You’re not going to see the increase in the output. 

John Ruffini: You’ve got to have both. You’re absolutely right. And the more seasoned you get as a recruiter, then the easier it is for you to have less volume because you’re more experienced and you’re more connected. So you might be able to get a referral or two really quick and you don’t have to talk to 20 or 30 people early on.

You’ve got to talk to as many people as will allow you to talk to [00:19:00] them. 

Ketan Gajjar: Exactly. Exactly. So linking both planning and process, John, what are three elements, from a new recruiter’s perspective that you’d want them to work on? So let’s say, it’s my first job into a staffing firm.

And then, I don’t know, all my background is, either call center or, some industrial sales. What would you suggest for somebody like me, who’s just walked in day one? Do I just pick up the phone? Do I you know review the jobs? What do I do?

John Ruffini: It’s When I say trust the process It depends on what process you’re trusting, but you have to trust whatever you’re trusting. When you join a company, typically they will have a process. And if they don’t have a process, then I say, find the person who’s the most successful recruiter and learn from them and just do what they do.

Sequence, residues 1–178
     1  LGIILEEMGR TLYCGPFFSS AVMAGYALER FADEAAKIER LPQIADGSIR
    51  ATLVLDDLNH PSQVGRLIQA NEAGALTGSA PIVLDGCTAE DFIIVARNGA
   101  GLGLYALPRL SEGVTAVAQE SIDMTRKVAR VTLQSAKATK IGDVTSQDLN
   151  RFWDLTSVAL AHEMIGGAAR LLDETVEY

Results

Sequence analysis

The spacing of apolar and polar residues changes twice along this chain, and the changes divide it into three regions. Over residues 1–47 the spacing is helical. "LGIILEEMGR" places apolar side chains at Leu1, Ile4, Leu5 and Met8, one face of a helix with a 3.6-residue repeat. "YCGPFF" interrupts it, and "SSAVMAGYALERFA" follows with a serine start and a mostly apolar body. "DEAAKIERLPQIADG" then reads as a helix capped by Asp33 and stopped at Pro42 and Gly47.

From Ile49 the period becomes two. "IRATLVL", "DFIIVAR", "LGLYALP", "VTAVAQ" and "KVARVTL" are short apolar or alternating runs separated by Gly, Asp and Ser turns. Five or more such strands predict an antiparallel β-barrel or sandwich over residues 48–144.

You don’t have to reinvent the wheel, internally, if there’s, if people are willing to train you and they’re teaching you the ways of the business, you’re Learn the ways that learn the fundamentals. That’s number one, learn the fundamentals of the business in everything in life. If you’re not grounded in the fundamentals, you’ll never succeed.

And that goes for business, for sports, for everything. So learn the fundamentals of the business first. Once you have learned the fundamentals, then develop a style that works for you. Figure out how am I going to interview candidates and make it consistent so that you’re working efficiently.